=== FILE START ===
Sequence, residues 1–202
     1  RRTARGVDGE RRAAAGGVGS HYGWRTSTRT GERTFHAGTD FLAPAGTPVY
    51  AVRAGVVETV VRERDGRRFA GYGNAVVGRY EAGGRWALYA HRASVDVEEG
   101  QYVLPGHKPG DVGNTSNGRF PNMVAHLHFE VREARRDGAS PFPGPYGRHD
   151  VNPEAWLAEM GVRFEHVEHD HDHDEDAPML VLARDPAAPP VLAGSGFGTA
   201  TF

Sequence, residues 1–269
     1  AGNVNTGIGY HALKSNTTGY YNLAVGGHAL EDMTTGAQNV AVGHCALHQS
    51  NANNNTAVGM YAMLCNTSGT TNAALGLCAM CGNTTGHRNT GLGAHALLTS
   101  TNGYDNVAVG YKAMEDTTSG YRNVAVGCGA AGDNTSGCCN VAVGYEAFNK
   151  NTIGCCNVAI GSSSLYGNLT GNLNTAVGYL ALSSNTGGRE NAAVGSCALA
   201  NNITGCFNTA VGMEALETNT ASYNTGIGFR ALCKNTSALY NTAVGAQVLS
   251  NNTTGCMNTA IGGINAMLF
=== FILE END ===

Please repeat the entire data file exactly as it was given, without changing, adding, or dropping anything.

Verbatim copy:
Sequence, residues 1–202
     1  RRTARGVDGE RRAAAGGVGS HYGWRTSTRT GERTFHAGTD FLAPAGTPVY
    51  AVRAGVVETV VRERDGRRFA GYGNAVVGRY EAGGRWALYA HRASVDVEEG
   101  QYVLPGHKPG DVGNTSNGRF PNMVAHLHFE VREARRDGAS PFPGPYGRHD
   151  VNPEAWLAEM GVRFEHVEHD HDHDEDAPML VLARDPAAPP VLAGSGFGTA
   201  TF

Sequence, residues 1–269
     1  AGNVNTGIGY HALKSNTTGY YNLAVGGHAL EDMTTGAQNV AVGHCALHQS
    51  NANNNTAVGM YAMLCNTSGT TNAALGLCAM CGNTTGHRNT GLGAHALLTS
   101  TNGYDNVAVG YKAMEDTTSG YRNVAVGCGA AGDNTSGCCN VAVGYEAFNK
   151  NTIGCCNVAI GSSSLYGNLT GNLNTAVGYL ALSSNTGGRE NAAVGSCALA
   201  NNITGCFNTA VGMEALETNT ASYNTGIGFR ALCKNTSALY NTAVGAQVLS
   251  NNTTGCMNTA IGGINAMLF